Report: India Today Conclave 2014

I have always tried to keep myself aware of the world around me. Take a peek into my life, and you'll find me spending quite a lot of my time on all kinds of news feed on my HTC device. Apart from science, I take interest in politics, sports, current affairs - national and international - literature, entertainment and in so many other fields. So when everyone I met in New Delhi asked me what I do, I found myself disappointing them again and again.

"How does a PhD in Molecular Biology aspirant find his way to the 13th India Today Conclave?" They couldn't believe me further when I told them of my invitation as the official blogger for the event. Take a careful note, ladies and gentlemen. Take a careful note of the kind of social apathy a gap-toothed, bespectacled science student has to face everyday in his life!

So anyway, while I grudgingly choose to overlook this discrimination, I must tell you of the awesomeness that I witnessed on 7th and 8th March 2014 at the Taj Palace Hotel, New Delhi. And of some things that were not so awesome at the same time - at the time of which, I had to leave my seat in order to grab some of those free caramel cappuccino at the in-house cafe.

The very next best thing to a wedding banquet.

I was perhaps the only 'hatke' person in the crowd and in my team (which consisted of Ankit, Ayaan, Daksh and Shweta, also joined by Karthik and Vineet from Indiblogger) at the Taj that day. The topic was 'Winning' and we were all there to 'ideate, debate and celebrate' along with some of the brightest achievers in the country and from all around the world. Rarely do we find social thinkers, intellectuals and politicians, freely and fairly exchange ideas on the same stage. There were a motley of topics to discuss, but as Mr. Aroon Purie declared in his opening speech, an air of the impending General Elections was of the essence.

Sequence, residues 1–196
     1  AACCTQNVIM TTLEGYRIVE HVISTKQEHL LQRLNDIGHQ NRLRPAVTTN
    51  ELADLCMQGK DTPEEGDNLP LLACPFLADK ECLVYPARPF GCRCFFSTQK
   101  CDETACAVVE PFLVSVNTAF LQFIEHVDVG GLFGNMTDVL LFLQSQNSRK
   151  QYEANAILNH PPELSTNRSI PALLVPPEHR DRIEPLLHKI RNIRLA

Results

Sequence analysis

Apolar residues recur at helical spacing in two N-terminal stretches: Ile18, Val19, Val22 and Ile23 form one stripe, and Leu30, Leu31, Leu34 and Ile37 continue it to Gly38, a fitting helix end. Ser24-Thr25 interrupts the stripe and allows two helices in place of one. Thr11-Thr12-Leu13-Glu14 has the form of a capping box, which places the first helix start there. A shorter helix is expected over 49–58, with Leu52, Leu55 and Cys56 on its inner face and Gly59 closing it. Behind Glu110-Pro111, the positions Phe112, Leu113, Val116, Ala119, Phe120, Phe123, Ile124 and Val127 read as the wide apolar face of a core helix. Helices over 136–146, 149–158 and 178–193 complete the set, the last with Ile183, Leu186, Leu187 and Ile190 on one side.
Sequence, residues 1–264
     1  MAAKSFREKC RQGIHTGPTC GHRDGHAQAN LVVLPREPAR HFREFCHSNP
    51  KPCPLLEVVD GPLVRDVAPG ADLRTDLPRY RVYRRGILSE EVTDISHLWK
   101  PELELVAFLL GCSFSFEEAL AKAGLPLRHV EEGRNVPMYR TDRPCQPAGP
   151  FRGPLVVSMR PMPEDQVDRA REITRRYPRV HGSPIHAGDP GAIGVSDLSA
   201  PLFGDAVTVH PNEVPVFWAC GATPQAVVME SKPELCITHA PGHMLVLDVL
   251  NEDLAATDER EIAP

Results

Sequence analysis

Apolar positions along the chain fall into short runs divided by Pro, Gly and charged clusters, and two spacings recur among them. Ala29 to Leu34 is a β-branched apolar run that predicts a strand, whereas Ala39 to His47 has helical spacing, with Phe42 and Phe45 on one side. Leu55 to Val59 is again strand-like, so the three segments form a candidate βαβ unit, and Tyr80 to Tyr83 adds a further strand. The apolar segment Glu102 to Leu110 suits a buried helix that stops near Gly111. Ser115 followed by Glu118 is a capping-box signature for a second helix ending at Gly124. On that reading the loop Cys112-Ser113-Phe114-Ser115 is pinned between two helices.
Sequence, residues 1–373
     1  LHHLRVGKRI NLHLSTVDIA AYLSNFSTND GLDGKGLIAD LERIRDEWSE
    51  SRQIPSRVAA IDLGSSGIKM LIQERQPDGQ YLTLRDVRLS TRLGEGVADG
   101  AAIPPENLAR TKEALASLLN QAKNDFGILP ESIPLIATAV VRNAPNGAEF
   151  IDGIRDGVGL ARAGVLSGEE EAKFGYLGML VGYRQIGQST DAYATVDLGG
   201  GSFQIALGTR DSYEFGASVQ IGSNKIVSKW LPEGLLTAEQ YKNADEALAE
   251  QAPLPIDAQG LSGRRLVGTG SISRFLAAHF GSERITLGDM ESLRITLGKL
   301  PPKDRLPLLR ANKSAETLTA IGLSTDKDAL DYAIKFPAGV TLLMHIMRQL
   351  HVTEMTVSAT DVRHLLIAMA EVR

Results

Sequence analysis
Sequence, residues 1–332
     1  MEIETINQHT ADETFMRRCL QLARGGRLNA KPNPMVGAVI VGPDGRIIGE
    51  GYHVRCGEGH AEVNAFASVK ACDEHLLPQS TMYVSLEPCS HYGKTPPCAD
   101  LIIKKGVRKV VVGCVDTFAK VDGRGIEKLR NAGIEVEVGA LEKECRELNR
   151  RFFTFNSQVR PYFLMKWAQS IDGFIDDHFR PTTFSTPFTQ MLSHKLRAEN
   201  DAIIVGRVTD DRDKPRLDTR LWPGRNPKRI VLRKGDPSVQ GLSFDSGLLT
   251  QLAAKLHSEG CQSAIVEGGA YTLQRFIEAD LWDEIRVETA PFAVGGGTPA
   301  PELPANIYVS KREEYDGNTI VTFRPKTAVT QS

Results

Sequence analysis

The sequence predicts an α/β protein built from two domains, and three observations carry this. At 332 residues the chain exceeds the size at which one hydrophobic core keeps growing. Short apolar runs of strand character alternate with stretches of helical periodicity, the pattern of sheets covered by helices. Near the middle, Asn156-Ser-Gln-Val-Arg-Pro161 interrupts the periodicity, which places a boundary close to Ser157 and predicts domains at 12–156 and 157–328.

At 10 am on 7th March - half past the scheduled time of commencement - I was still taking in my surroundings, taking mental notes on how not to freak out and jump around the spotlessly clean hallways inappropriately. I almost gave up my resolve when Adrian Levy passed by, excusing himself awkwardly.

But soon I felt at ease when I overheard a bossy young lady reprimand her colleagues and juniors, from the media control console behind us, "I don't want anyone talking over here. I don't want to hear how tall Amitabh is, how hunky Salman is or how 'local' Kejriwal looks.. I don't want to hear a sound from this place. Is that clear?" Boy it was loud and clear to me, as it affirmed my chain of thought that I was not the only one!